You mention an escrow account.  With our builder, we did something very much like that.  We had a construction loan in X amount.  The builder was allowed to give us invoices for our approval as various work was completed, and we signed a form that allowed him to draw that amount of money from the loan.  
 
pollinator
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Yeah, that doesn't pass the smell test, IMO - I'd tell that builder to go pound sand. Unfortunately, this seems to be a growing problem in the building industry. Reputable builders are in short supply and clients who have 'deep-pockets' are going to take precidence. This is probably their way of weeding out the small-time clients who they view as an inconvienient distraction. In defense of the building industry, these are uncertain times and good help is hard to come by. But 90% upfront?!  ....c'mon man!

More info would be helpful to provide guidance on how to proceed. Do you own the land outright or is there a mortgage lien against it? Are you acting as the General Contractor or are they (who's scheduling the variouos subcontractors that are pouring the foundation, driiling the well, excavation work, etc.)?  Is this stick-built construction? Do they specialize in tiny homes? Is there any way to do this with a modular build?

There are a lot of moving parts in doing any build, but requiring 90% upfront leaves you with nothing to hang over their head .....you will be completely at their mercy.

 
master gardener
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A few points you may want to check into .... make sure those estimates include materials.   I have encountered builders who did not include materials in their estimates.  Also, in my state and I suspect all states, builders can charge for materials at the local lumber yard under your name.  I encountered one company that had a new building put in ... paid the contractor .....and then got hit with a substantial bill for concrete from a concrete company in another town. Finally, check out the builders references in detail.  I was going to use one builder, then my wife began speaking with the references he provided.  We decided not to use him. I also have encountered references that turned out to be employees and relatives of the builder.  Be sure to check out your builders record for finishing on time.


I would not go for the 50%  5 months prior to construction.  I understand that builders may have to order some materials, but 30 days strikes me as adequate.  Maybe a given item might take more time, but that would not account for 50% of the project. The last time I saw a contractor take money that far up front, he ended up living off of it. Of course, there were up charges later on to the customer to make up.

 
pollinator
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I would steer clear of the builder asking $90k up front. All the risk is on you with someone you don't know, and suing to recover money is a bad way to go. As others have said, finding other builders and checking out their work and reputation is the safest way.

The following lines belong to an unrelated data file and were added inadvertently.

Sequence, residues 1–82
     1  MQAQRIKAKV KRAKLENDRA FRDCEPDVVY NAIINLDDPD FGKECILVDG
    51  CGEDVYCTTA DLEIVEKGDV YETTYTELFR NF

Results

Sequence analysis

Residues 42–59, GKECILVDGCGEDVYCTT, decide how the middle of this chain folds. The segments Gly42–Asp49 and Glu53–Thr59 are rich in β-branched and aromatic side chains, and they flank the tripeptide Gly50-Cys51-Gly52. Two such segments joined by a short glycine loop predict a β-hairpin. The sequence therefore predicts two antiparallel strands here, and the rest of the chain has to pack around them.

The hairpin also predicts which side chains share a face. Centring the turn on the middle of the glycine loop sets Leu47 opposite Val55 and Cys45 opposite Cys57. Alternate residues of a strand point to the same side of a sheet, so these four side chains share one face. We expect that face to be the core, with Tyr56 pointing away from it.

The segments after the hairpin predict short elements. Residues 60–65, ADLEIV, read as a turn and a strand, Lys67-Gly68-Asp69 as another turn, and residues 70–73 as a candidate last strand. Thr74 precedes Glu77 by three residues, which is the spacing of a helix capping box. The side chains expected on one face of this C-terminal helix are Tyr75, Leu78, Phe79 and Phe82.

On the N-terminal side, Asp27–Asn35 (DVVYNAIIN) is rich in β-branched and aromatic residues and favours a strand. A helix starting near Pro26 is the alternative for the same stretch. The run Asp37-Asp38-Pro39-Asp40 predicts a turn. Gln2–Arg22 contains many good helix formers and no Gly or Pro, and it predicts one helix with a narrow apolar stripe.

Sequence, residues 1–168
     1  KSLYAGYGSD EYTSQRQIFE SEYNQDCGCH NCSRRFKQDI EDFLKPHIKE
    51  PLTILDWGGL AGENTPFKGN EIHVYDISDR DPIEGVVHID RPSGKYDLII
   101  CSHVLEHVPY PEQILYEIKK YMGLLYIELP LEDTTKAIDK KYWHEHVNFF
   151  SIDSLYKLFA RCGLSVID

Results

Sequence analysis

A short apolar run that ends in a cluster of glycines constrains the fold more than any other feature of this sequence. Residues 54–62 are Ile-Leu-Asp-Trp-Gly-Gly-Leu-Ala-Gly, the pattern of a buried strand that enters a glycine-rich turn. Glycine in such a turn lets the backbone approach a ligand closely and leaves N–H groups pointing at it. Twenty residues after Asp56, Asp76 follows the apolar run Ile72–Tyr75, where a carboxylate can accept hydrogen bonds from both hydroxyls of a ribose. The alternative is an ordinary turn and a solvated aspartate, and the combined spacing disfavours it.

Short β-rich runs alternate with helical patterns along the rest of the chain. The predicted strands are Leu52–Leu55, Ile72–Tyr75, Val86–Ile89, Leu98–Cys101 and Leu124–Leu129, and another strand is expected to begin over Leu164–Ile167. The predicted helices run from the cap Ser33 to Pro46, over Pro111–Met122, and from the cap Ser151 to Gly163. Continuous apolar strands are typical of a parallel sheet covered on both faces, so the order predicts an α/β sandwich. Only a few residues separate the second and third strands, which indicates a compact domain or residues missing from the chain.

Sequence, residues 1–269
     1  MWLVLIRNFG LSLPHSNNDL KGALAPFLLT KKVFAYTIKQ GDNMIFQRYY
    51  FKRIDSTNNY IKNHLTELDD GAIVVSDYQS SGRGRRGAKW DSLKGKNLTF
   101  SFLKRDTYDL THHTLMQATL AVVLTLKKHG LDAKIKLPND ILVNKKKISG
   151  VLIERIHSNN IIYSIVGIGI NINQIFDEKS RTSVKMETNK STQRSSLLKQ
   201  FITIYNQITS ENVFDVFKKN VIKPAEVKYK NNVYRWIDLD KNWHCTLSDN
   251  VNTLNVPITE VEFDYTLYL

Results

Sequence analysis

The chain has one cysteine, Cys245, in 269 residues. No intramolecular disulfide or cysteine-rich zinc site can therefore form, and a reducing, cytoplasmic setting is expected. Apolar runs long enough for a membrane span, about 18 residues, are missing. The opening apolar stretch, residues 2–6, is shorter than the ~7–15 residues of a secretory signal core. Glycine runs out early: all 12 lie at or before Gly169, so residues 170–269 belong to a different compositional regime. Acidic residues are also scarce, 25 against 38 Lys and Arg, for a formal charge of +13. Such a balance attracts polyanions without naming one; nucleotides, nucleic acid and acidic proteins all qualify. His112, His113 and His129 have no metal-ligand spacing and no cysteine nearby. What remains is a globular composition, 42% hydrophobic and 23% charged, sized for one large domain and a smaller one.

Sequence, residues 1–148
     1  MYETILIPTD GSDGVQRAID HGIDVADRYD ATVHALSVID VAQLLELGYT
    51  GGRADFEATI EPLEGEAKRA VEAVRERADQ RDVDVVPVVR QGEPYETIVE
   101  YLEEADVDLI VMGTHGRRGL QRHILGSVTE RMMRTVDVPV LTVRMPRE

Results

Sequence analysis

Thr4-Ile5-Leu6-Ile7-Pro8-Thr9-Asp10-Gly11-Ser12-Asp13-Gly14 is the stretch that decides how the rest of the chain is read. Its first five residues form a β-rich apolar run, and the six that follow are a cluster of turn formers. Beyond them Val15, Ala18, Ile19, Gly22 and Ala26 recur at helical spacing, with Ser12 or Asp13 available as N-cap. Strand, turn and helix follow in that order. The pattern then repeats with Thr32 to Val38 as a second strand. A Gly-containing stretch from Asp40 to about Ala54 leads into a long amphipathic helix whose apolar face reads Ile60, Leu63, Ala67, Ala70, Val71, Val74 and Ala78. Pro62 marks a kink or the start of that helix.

One item of importance is to get lien waivers signed and notarized for each subcontractor, and at the end, the prime contractor for work completed and paid for. This way they can't come back later and slap a lien on the building for some made-up reason like it cost more than their bid so you owe them money, etc.

Good luck.
 
John F Dean
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Giving this a little thought, I would check with my local bank as to what the norm is in my area.   Even if I was not taking out a loan, I would check with a local bank.
 
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I don't know your circumstances and house plans, so I apologize if some of my thoughts about your $150,000 price tag are off-course :)

That seems very expensive to me for a tiny house, but everyone has their own definition of what that means to them! Any way you could manage to cut that cost in at least 1/2, that way following the terms with a builder don't seem so daunting and you will be able to keep a large chunk of your cash on hand in case something doesn't go as planned, instead of going all in?

Maybe design the house for a future add-on if you desire (like one side flat and simple...think half of a double-wide), once you actually go through a first building process and cost. You might find out that you can make due just fine with less "house" and more $ in your wallet for property improvements, tools, etc etc etc??

The whole point being, if your house cost 50-75k or so, it would feel much more acceptable to put $ up front to get the project rolling, where an amount 3x that is clearly stalling you because it's scary!! I dunno, just a suggestion, because I think most builders and skilled tradesmen are going to be very costly these days to create someone else's wildest dreams for them...so maybe a more mediocre dream for the time being could suffice and you'll learn enough through the process to do your addition down the road more on your own labor and skills to save $.